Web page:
In 2004, Caltech researchers demonstrated the first integrated silicon-based phased array receiver at 24 GHz with 8 elements. This was followed by their demonstration of a CMOS 24 GHz phased array transmitter in 2005 and a fully integrated 77 GHz phased array transceiver with integrated antennas in 2006 by the Caltech team. In 2007, DARPA researchers announced a 16 element phased array radar antenna which was also integrated with all the necessary circuits on a single silicon chip and operated at 30–50 GHz.
The relative amplitudes of—and constructive and destructive interference effects among—the signals radiated by the individual antennas determine the effective radiation pattern of the array. A phased array may be used to point a fixed radiation pattern, or to scan rapidly in azimuth or elevation. Simultaneous electrical scanning in both azimuth and elevation was first demonstrated in a phased array antenna at Hughes Aircraft Company, California in 1957.
In broadcast engineering, phased arrays are used by many AM broadcast radio stations to enhance signal strength and therefore coverage in the city of license, while minimizing interference to other areas. Due to the differences between daytime and nighttime ionospheric propagation at mediumwave frequencies, it is common for AM broadcast stations to change between day (groundwave) and night (skywave) radiation patterns by switching the phase and power levels supplied to the individual antenna elements (mast radiators) daily at sunrise and sunset. For shortwave broadcasts many stations use arrays of horizontal dipoles. A common arrangement uses 16 dipoles in a 4×4 array. Usually this is in front of a wire grid reflector. The phasing is often switchable to allow Beam steering in azimuth and sometimes elevation.
More modest phased array longwire antenna systems may be employed by private radio enthusiasts to receive longwave, mediumwave (AM) and shortwave radio broadcasts from great distances.
On VHF, phased arrays are used extensively for FM broadcasting. These greatly increase the antenna gain, magnifying the emitted RF energy toward the horizon, which in turn greatly increases a station's broadcast range. In these situations, the distance to each element from the transmitter is identical, or is one (or other integer) wavelength apart. Phasing the array such that the lower elements are slightly delayed (by making the distance to them longer) causes a downward beam tilt, which is very useful if the antenna is quite high on a radio tower.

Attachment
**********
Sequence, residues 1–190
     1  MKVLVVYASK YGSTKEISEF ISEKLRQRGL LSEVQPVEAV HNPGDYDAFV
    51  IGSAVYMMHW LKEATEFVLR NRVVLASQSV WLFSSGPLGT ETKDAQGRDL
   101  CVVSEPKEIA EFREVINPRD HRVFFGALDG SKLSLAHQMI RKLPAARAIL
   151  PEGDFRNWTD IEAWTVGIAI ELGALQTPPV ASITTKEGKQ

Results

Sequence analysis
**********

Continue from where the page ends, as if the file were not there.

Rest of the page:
Other phasing adjustments can increase the downward radiation in the far field without tilting the main lobe, creating null fill to compensate for extremely high mountaintop locations, or decrease it in the near field, to prevent excessive exposure to those workers or even nearby homeowners on the ground. The latter effect is also achieved by half-wave spacing – inserting additional elements halfway between existing elements with full-wave spacing. This phasing achieves roughly the same horizontal gain as the full-wave spacing; that is, a five-element full-wave-spaced array equals a nine- or ten-element half-wave-spaced array.
Phased array radar systems are also used by warships of many navies. Because of the rapidity with which the beam can be steered, phased array radars allow a warship to use one radar system for surface detection and tracking (finding ships), air detection and tracking (finding aircraft and missiles) and missile uplink capabilities. Before using these systems, each surface-to-air missile in flight required a dedicated fire-control radar, which meant that radar-guided weapons could only engage a small number of simultaneous targets. Phased array systems can be used to control missiles during the mid-course phase of the missile's flight. During the terminal portion of the flight, continuous-wave fire control directors provide the final guidance to the target. Because the antenna pattern is electronically steered, phased array systems can direct radar beams fast enough to maintain a fire control quality track on many targets simultaneously while also controlling several in-flight missiles.
The AN/SPY-1 phased array radar, part of the Aegis Combat System deployed on modern U.S. cruisers and destroyers, "is able to perform search, track and missile guidance functions simultaneously with a capability of over 100 targets." Likewise, the Thales Herakles phased array multi-function radar used in service with France and Singapore has a track capacity of 200 targets and is able to achieve automatic target detection, confirmation and track initiation in a single scan, while simultaneously providing mid-course guidance updates to the MBDA Aster missiles launched from the ship. The German Navy and the Royal Dutch Navy have developed the Active Phased Array Radar System (APAR). The MIM-104 Patriot and other ground-based antiaircraft systems use phased array radar for similar benefits.
Phased arrays are used in naval sonar, in active (transmit and receive) and passive (receive only) and hull-mounted and towed array sonar.
Space probe communication
The MESSENGER spacecraft was a space probe mission to the planet Mercury (2011–2015). This was the first deep-space mission to use a phased-array antenna for communications. The radiating elements are circularly-polarized, slotted waveguides. The antenna, which uses the X band, used 26 radiative elements and can gracefully degrade.